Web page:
What is phototherapy and how does light therapy work?

What is phototherapy and how does light therapy work?

What is phototherapy?

Phototherapy is the use of ultraviolet (UV) light for medical treatment. Ultraviolet light is an invisible component of natural sunlight.

Ultraviolet light is made up of different wavelengths. During light therapy, two different types of UV wavelengths are used - ultraviolet A (UVA) and ultraviolet B (UVB).

What is Narrowband UVB phototherapy?

Narrow-band UVB phototherapy uses a small part of the UVB spectrum compared to broad-band UVB which uses the full spectrum. Narrow-band UVB limits the light wavelengths used in treatment to just 311-313 nanometers (1). This is beneficial as it avoids some of the harmful wavelengths.

Compared with broadband UVB:
  • Exposure times are shorter but of higher intensity
  • The course of treatment is shorter
  • It is more likely to clear the skin condition
  • Longer periods of remission occur before it reappears

How does phototherapy work?

Ultraviolet rays penetrate the skin and slow the growth of affected skin cells. UVB phototherapy treatment is the process of exposing the skin to artificial UVB rays from a light source for a certain amount of time on a regular basis.

What is phototherapy used for?

Phototherapy can be used for a variety of conditions including increasing vitamin D3, as well as treating skin diseases.

Narrow-band UVB is particularly beneficial for treating eczema, psoriasis and sebaceous dermatitis.

UVB phototherapy for eczema

Eczema, also known as atopic dermatitis, is a type of skin inflammation. It results in itchy, red, swollen and cracked skin.

One way to treat eczema is exposure to broad or narrow-band UVB light, which may decrease the severity and frequency of flare-ups (2).

Our article on UVB phototherapy for eczema delves into the research further.

UVB phototherapy for psoriasis

Psoriasis is an autoimmune disease. It is characterised by raised areas of red, pink or purple, dry, itchy and scaly skin.

Phototherapy is a common treatment for psoriasis, with narrow-band UVB wavelengths of 311-313 nanometers being the most effective (3).

We share the research findings of UVB phototherapy for psoriasis in our learning hub.

UVB phototherapy for seborrhoeic dermatitis

Seborrhoeic dermatitis is a skin condition that presents as red, flaky and itchy skin in areas where sebaceous glands are plentiful.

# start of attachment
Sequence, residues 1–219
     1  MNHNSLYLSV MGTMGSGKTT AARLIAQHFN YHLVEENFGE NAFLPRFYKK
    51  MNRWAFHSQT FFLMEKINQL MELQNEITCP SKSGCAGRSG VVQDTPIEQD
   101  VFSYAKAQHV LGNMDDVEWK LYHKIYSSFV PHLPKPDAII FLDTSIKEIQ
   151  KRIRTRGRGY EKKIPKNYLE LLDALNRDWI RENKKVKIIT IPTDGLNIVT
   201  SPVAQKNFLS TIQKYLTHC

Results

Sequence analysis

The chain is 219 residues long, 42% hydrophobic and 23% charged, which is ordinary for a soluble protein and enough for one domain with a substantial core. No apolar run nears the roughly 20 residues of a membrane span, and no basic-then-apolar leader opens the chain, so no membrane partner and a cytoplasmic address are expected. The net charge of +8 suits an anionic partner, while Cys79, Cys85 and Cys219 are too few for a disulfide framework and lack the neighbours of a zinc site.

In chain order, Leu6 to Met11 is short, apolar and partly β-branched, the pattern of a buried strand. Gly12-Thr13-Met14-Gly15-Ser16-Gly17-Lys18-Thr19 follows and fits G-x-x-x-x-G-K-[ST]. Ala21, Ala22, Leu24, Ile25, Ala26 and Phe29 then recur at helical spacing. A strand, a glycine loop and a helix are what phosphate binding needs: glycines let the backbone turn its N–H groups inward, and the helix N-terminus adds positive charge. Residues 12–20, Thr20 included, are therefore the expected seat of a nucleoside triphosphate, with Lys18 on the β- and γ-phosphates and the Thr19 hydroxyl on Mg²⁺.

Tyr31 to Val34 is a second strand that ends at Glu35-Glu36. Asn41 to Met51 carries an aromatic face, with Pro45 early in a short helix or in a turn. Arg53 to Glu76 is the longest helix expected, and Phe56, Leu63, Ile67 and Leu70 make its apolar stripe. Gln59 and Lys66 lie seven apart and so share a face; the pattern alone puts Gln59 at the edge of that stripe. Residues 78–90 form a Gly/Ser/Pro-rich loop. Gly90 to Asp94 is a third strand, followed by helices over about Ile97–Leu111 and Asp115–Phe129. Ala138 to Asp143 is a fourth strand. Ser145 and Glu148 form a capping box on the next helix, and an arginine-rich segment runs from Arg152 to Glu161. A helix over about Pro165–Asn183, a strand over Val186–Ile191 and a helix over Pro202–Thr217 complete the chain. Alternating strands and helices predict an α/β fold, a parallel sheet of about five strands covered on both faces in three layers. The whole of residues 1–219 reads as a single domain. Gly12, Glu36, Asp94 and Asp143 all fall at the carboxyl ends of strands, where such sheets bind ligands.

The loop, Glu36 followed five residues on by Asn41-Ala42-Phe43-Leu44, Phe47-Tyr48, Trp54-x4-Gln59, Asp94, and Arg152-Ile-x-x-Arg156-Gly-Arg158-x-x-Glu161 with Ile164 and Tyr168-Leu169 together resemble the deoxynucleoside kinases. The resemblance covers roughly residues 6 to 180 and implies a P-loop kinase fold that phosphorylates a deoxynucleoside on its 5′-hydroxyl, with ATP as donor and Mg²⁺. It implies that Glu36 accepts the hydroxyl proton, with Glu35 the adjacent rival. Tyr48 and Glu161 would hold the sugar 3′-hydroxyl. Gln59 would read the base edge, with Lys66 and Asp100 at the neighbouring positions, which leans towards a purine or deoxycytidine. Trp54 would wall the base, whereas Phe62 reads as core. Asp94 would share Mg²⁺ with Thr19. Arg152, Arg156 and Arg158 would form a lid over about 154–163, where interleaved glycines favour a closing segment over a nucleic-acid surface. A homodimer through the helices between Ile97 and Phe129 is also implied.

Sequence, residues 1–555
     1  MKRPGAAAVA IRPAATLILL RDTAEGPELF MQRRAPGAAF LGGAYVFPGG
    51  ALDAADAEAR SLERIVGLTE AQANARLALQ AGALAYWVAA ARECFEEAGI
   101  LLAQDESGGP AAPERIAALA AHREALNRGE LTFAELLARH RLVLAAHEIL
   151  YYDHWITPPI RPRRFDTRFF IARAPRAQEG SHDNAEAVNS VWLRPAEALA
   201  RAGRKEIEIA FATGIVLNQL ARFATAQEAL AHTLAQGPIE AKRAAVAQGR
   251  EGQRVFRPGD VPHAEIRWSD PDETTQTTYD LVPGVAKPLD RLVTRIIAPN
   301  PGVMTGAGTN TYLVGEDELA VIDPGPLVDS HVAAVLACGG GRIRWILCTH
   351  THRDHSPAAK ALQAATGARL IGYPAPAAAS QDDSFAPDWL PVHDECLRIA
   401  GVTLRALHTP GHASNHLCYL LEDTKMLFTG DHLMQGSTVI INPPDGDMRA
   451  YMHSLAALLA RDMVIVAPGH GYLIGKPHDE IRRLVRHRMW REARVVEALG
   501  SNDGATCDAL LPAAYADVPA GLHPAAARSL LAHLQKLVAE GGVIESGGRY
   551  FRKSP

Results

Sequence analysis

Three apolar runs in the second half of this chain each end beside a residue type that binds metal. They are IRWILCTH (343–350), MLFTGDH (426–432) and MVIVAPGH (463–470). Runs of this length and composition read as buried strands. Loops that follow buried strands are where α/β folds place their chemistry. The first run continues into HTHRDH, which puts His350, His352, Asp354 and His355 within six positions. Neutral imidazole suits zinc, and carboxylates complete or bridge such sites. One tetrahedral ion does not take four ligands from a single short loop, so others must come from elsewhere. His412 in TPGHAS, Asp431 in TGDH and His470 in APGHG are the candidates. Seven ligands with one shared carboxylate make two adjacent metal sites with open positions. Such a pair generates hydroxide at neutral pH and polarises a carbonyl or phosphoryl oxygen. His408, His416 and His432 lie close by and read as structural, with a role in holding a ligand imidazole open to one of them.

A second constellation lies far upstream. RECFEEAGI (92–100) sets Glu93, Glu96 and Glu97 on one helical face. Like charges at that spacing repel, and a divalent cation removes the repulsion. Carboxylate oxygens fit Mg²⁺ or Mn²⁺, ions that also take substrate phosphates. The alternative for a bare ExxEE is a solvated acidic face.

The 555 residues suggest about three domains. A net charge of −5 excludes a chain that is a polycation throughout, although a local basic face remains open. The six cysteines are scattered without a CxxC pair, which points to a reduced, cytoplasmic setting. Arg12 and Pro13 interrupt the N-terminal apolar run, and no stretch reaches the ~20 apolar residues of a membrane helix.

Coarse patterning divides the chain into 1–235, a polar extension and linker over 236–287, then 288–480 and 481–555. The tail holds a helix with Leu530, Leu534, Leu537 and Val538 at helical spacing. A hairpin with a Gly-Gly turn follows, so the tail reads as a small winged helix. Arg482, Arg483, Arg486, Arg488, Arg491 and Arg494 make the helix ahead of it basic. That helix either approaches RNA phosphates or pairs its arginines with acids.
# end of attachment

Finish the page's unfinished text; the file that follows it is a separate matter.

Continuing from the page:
Some small-scale studies suggest UVB phototherapy can be an effective and helpful treatment for people with seborrhoeic dermatitis (4).

More research is needed into UVB phototherapy for seborrhoeic dermatitis, which we discuss more in our article in the learning hub.

How long does it take for phototherapy to work?

The location of the skin condition, severity, and sensitivity of the skin can all impact the number of sessions and the length of time it takes for phototherapy to work.

People usually undergo between three and five light therapy sessions weekly for around two to three months. But, usually, improvement is seen within two to four weeks, depending on the type of light therapy used (5).

Can you do phototherapy at home?

You can do phototherapy at home, which is often more accessible, cheaper, and more convenient. A 2008 study from the Netherlands found that UVB phototherapy administered at home is as equally safe and effective, both clinically and for quality of life, as UVB phototherapy in an outpatient setting (6).

Is home phototherapy safe?

Home phototherapy can be safe, but it is essential to be aware of any side effects or risks. Like any light therapy treatment, there is a risk of mild sunburn, which can be resolved by adjusting the treatment time length and frequency.

Narrow-band UVB causes fewer side effects than broad-band UVB or UVA light therapy (3).

How do I do phototherapy at home?

One of the main benefits of having phototherapy treatment at home is the flexibility of your treatment schedule. But, it is essential to keep a regular schedule to see the benefits.

Start with just 30 seconds of exposure, and gradually increase the time you expose your skin to narrowband UVB light.

Here is a suggested treatment schedule:

  1. Wear your protective goggles
  2. Treat each area of concern for 30-seconds
  3. Wait for a minimum of 24 hours or until any redness subsides
  4. Repeat the treatment, adding on 10% more time each time (or repeat the last treatment time)
  5. Repeat for 15-30 seconds until the skin has cleared

At Care Lamps, Our Derma UVB  has complete instructions to help you treat your skin with UVB phototherapy at home.

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